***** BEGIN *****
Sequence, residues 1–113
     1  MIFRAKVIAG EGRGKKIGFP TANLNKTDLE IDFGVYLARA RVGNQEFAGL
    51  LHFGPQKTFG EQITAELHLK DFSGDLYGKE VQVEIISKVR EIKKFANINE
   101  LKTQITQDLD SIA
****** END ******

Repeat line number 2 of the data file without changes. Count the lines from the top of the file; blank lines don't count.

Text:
     1  MIFRAKVIAG EGRGKKIGFP TANLNKTDLE IDFGVYLARA RVGNQEFAGL